Court Dismisses Claims for Breach of Contract and Fiduciary Duty Between Joint Venturers
April 1, 2021
The Supreme Court of Victoria in Brady Queen Pty Ltd v Austhome Developments Pty Ltd  VSC 18 has dismissed claims for breach of contract and fiduciary duty brought by joint venturers in circumstances where the relationship between the principals was unworkable but no loss was caused by the breach of contract and no fiduciary duty was established.
Brady Queen (BQ) and Austhome Developments (AD) came together to develop a property at 280 Queen Street Melbourne. They entered into Heads of Agreement (HoA) for a joint venture, promising to enter into a detailed Joint Venture Agreement (JVA). The joint venture was pursued via a unit trust, with a new company (280 Queen St) as trustee. Mr Brady, Mr Pethica (both associated with BQ) and Mr Wu (associated with AD) were each directors of 280 Queen St. The parties’ relationship broke down irrevocably and the JVA was never signed. Meanwhile, BQ’s sister company, Brady Lonsdale, of which Mr Brady and Mr Pethica were directors, continued to develop another residential property nearby at 380 Lonsdale Street Melbourne.
BQ claimed that AD breached the HoA by, amongst other things, failing to use best endeavours to enter into the JVA and to authorise payment of necessary expenses. AD and Mr Wu counterclaimed against Mr Brady for similar breaches, including failing to provide a JVA in accordance with the HoA and against Mr Brady and Mr Pethica for breach of fiduciary duty allegedly arising out of the joint venture relationship. AD and Mr Wu argued that Mr Brady and Mr Pethica as directors of Brady Lonsdale breached the ‘no conflict’ rule by continuing to develop 380 Lonsdale Street in competition with 280 Queen St.
All of the parties’ claims were dismissed. Sifris JA found that, from the outset, the parties’ views as to how the project was to be managed were entirely different and their relationship was unworkable to such an extent that any agreement between them would not have been achieved.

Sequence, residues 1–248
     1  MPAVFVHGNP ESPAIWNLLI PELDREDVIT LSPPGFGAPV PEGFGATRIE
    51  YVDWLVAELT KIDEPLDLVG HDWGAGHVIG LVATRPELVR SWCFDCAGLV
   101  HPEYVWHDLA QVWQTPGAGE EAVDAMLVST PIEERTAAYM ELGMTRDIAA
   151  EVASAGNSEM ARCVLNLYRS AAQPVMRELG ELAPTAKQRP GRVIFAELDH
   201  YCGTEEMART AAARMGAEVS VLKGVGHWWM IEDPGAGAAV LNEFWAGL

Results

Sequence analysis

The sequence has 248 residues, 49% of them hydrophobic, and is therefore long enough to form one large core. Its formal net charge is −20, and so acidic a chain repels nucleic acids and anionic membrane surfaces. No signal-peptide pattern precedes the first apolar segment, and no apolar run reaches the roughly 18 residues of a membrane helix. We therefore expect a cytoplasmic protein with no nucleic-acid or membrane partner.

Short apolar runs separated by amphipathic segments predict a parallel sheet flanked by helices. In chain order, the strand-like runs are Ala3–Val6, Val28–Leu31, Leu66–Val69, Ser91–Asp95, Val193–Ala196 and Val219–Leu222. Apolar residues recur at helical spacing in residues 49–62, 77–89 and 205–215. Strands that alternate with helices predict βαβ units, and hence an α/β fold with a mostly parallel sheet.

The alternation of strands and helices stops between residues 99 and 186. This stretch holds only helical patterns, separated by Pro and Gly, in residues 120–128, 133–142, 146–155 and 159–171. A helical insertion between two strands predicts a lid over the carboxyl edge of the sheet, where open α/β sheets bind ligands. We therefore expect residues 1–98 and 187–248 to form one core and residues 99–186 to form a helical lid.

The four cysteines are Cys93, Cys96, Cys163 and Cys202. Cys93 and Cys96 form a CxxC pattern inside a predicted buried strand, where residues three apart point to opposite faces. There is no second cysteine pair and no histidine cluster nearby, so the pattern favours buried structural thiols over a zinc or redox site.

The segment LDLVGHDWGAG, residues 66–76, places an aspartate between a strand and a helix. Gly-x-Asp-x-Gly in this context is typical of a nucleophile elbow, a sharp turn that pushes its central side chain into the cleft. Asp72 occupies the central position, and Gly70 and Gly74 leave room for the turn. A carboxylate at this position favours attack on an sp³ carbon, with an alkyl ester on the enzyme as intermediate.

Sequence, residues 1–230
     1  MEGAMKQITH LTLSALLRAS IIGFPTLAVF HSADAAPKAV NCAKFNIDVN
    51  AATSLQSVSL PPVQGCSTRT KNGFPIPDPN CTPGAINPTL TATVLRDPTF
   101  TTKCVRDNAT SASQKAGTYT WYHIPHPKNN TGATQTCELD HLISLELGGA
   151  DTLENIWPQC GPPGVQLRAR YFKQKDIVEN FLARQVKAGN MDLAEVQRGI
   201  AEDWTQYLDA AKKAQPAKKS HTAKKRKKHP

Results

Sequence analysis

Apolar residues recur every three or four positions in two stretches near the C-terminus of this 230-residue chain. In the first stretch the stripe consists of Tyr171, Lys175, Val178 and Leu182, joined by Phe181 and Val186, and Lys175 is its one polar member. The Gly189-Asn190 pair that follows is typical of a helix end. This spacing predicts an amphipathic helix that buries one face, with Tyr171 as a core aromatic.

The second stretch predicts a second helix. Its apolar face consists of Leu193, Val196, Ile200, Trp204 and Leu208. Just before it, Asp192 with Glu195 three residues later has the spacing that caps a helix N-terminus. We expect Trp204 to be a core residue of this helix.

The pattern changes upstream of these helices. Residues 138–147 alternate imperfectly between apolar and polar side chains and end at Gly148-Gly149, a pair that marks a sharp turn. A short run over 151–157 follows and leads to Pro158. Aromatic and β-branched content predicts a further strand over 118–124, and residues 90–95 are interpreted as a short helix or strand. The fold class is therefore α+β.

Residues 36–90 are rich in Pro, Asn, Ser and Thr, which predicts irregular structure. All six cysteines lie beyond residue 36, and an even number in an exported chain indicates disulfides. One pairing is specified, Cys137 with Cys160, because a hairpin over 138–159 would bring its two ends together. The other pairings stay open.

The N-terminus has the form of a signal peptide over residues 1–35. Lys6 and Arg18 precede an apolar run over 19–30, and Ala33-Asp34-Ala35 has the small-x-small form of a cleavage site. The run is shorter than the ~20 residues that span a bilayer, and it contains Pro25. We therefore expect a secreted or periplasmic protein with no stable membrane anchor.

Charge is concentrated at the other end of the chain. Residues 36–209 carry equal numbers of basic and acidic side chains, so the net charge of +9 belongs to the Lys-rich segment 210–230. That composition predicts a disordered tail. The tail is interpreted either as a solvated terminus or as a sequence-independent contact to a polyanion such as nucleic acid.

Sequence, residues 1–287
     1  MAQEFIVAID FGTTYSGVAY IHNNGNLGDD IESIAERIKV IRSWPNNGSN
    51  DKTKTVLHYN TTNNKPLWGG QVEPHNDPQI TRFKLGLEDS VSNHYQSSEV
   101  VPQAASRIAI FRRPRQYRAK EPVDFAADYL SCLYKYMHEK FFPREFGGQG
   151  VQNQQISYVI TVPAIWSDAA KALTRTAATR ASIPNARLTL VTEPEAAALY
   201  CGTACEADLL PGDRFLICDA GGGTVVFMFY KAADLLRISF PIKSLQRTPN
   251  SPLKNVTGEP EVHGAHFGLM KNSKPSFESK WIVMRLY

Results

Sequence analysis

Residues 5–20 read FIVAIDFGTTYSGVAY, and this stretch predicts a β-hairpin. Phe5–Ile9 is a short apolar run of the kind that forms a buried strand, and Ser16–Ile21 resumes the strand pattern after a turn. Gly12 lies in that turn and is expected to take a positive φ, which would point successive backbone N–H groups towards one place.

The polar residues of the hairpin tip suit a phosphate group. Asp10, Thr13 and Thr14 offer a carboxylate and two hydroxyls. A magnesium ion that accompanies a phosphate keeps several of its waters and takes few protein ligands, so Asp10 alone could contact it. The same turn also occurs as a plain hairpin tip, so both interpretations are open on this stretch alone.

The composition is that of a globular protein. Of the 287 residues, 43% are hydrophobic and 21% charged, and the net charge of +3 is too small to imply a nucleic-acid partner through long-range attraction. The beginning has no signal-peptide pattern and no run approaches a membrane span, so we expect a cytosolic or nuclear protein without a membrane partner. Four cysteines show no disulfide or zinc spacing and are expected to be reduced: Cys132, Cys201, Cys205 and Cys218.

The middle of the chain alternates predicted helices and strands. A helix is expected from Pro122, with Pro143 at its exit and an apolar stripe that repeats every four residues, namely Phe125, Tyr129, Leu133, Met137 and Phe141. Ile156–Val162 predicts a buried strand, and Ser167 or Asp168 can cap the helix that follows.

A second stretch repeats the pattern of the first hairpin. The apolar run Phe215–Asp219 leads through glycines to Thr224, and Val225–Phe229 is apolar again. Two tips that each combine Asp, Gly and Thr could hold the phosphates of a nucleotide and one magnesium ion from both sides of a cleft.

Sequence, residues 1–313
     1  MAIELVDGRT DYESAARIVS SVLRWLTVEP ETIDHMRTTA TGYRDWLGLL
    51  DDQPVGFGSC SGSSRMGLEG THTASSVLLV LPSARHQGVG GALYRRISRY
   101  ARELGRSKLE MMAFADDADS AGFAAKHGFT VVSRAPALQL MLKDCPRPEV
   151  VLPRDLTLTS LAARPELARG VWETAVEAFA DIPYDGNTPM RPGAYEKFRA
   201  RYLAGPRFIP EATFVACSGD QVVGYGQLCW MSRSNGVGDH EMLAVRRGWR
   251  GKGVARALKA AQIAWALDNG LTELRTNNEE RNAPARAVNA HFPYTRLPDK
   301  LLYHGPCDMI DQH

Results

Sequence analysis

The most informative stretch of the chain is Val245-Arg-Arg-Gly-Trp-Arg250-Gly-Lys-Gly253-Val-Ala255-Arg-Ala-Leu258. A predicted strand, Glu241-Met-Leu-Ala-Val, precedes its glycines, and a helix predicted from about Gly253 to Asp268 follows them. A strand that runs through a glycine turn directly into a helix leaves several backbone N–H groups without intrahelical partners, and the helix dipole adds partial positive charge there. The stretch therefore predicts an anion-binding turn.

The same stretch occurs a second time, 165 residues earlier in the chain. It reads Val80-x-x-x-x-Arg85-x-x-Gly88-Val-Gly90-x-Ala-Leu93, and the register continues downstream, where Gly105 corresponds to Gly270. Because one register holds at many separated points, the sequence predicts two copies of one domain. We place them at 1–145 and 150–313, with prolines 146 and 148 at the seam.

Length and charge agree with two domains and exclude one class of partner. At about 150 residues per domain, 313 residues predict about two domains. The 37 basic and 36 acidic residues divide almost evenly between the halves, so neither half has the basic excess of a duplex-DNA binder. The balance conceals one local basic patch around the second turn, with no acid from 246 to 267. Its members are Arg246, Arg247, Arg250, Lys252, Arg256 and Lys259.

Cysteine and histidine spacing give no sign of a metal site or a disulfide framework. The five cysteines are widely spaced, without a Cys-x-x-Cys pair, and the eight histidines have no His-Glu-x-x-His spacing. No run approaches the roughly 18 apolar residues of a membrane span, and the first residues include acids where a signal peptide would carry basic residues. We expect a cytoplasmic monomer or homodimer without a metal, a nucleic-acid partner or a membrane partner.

Accordingly, in relation to the parties’ claims for breach of contract, Sifris JA found that, even assuming each party had breached the HoA, no loss was suffered at all or as a result of any breaches as:
- the parties would never have reached necessary consensus; and
- the failure to enter into the JVA had no effect on and did not stall the project to any relevant degree.
In regard to AD’s and Mr Wu’s counterclaim for breach of fiduciary duty, Sifris JA found that no fiduciary relationship arose between Messrs. Brady and Pethica and AD or Mr Wu as a result of the joint venture relationship, relevantly for reasons including:
- the chosen vehicle for the project was a company;
- there was no relationship of trust, confidence, and loyalty between the parties;
- there was no inequality of bargaining power between the parties;
- Mr Brady did not undertake to act in Mr Wu’s or AD’s interests, or restrict his own interests in other developments;
- Mr Brady and Mr Wu (and AD) remained free to engage in other projects and, to each other’s knowledge, had previously engaged in projects involving construction of apartment buildings and had ongoing business in that domain; and
- Mr Brady had no power to affect Mr Wu’s or AD’s interests in any legal or practical sense.
In these circumstances, Sifris JA concluded that the parties acted at arm’s length, as principals on an equal footing, in a purely commercial relationship, and that all of the key indicators of a fiduciary relationship – loyalty, dependency, ascendency, reliance, vulnerability – were absent. Even if there was a fiduciary relationship, Sifris JA reasoned that, in the circumstances of the case, the nature, content and scope of any fiduciary duty owed was limited and did not include any restriction on the ability of either party to engage in their own projects, even in competition with 280 Queen St.
The judgment of Sifris JA provides a useful summary of the factors relevant in determining whether a fiduciary relationship arises between joint venturers and confirms that the scope of any such relationship will depend on all of the circumstances of the case. Further, that the ‘no conflict’ rule refers to the duty of a fiduciary not to be swayed by considerations of self interest or act in conflict with the interests of the beneficiary.
The full decision of Brady Queen Pty Ltd v Austhome Developments Pty Ltd  VSC 18 can be found here.